Uma on living with Type 1 Diabetes and the recipes she loves the most.
When I first learned about diabetes it was through my seventh grade English teacher Mr. Murray. On the first day of class he explained to all of us that he suffered from diabetes and that if he ever started slurring his speech that we should remind him to go and drink some of the apple juice he stored in his desk. I had never heard of the disease before, yet, as I grew up, I met more and more people with the condition. When I recently heard about my friend Uma’s new website T1Buddies, a recipe sharing platform aiming to help those with Type 1, I knew that it was a resource that I had to share with you all. Uma is a complete inspiration and I am so honored to share her story on the blog. Also, head to T1Buddies to share a recipe of your own or to try and spot my homemade tomato sauce recipe if you’re feeling in the mood to cook!
Uma! Tell us a little bit about yourself!
Hi! I’m Uma, I’m 17, and I currently live in Singapore. I’ve had Type 1 Diabetes for about 4 years, but in spite of this I’m still a big foodie, and I’m almost always craving bubble tea.
When did you first find out that you have Type 1 Diabetes and what was your reaction to the news?
I was diagnosed with Type 1 Diabetes in my freshman year of high school, so I was 14 years old at the time. It was an incredibly unexpected situation for me and my family, so once I was finally able to begin processing the news, it was quite disorienting, to put it mildly. And before I could fully acknowledge the diagnosis, I was being bombarded with more information, so overall it was a very confusing time.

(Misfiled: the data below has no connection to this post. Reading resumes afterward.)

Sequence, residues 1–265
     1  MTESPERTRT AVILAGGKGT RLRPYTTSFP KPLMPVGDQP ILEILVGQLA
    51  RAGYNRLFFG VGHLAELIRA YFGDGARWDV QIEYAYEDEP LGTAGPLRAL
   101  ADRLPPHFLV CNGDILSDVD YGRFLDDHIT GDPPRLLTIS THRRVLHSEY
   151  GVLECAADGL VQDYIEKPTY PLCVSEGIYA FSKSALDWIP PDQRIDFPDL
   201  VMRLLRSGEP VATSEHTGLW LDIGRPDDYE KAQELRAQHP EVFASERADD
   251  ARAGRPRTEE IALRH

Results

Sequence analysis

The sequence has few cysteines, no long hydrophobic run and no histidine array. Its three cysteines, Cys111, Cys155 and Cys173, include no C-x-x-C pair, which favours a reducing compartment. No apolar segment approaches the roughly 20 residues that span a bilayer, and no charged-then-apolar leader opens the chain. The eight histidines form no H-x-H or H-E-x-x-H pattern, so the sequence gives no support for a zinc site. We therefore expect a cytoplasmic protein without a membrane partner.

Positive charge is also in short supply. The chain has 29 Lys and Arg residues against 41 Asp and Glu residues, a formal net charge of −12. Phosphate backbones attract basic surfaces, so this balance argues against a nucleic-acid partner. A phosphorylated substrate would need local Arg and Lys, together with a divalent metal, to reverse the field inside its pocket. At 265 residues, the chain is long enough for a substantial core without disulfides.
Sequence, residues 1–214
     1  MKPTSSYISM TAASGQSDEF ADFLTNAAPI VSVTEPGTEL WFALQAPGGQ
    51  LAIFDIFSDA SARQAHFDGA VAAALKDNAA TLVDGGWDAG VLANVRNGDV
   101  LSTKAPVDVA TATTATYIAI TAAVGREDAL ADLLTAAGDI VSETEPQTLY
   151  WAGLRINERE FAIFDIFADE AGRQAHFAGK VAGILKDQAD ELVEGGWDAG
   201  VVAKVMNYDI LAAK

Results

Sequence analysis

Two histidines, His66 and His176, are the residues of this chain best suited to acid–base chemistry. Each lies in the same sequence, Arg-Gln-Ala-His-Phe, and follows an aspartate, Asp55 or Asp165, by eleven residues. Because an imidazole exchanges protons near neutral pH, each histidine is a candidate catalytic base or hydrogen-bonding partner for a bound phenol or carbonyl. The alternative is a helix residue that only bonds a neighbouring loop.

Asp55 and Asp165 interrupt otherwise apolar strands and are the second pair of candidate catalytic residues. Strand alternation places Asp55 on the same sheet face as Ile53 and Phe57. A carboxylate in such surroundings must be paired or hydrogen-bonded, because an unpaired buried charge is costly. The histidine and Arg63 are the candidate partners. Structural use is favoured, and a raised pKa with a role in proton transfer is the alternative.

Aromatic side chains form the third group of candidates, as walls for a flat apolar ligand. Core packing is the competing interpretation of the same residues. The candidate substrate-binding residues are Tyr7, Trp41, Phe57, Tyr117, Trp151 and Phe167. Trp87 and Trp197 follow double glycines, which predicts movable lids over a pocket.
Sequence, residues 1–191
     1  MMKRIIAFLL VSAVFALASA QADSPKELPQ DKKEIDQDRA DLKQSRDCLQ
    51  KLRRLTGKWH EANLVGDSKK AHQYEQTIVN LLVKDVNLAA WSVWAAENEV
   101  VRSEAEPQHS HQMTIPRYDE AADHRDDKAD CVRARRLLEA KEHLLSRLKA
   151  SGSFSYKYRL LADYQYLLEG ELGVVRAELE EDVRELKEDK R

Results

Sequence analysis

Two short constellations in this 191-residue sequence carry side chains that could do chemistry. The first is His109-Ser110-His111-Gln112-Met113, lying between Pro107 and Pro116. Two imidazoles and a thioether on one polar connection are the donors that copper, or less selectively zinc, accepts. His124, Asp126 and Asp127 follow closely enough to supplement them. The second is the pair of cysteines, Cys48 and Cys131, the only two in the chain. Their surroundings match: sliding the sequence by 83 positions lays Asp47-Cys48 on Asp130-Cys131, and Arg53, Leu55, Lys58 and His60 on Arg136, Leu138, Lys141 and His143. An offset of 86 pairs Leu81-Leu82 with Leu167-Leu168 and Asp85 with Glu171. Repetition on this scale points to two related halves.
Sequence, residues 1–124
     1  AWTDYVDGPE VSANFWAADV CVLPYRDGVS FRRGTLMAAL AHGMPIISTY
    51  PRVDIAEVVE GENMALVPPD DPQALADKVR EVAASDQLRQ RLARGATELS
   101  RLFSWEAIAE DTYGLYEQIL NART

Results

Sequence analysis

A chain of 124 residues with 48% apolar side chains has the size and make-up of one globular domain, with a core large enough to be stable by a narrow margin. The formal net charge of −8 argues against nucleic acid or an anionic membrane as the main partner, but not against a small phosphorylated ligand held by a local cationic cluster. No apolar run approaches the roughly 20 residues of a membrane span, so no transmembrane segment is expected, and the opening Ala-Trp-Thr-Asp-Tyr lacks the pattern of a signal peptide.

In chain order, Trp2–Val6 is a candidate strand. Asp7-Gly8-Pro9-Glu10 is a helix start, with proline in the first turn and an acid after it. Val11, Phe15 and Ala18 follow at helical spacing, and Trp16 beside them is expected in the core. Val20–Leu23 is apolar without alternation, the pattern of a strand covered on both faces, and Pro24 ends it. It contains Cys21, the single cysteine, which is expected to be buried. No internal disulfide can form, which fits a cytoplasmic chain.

What has been the most challenging part about managing your Type 1 Diabetes?
When I was first diagnosed, the most difficult part was not the physical management of the condition, but rather taking care of my mental health. I had just become a teenager, ready for a “normal” high school experience – one that didn’t include needles and carb counting. The mental hurdles took a lot of patience and effort to overcome, but thankfully, I’ve reached a place where it’s not the hardest part of diabetes management anymore. Now, the most challenging thing is keeping my blood sugar stable while stressing over my college applications.
What do you wish more people knew about Type 1 Diabetes?
Where do I begin? Just kidding, the list is not long. The main thing I wish more people knew is that Type 1 Diabetes isn’t caused by a person’s diet or an ‘unhealthy’ lifestyle. In reality, no one actually knows the cause of Type 1, and there isn’t a way to prevent it. I remember a time when I told a friend about my condition, and he assumed I got it because I “ate too much sugar.” I knew after the fact that he wasn’t trying to call me unhealthy, and that he just didn’t know much about Type 1, but it still felt like an accusation at the moment. I hope that in the future, people will be more aware of Type 1 diabetes, and understand that it is not the person’s fault for having it.
How has Type 1 Diabetes changed your perspective on life, health, and food?
My condition changed more of my perspective than I could’ve imagined 3 years ago. First, I’ve become a lot more knowledgeable about my physical health, and the science of diabetes. If you asked me what I knew about diabetes in middle school, I would’ve responded: “That’s what happens when you eat too much sugar…?”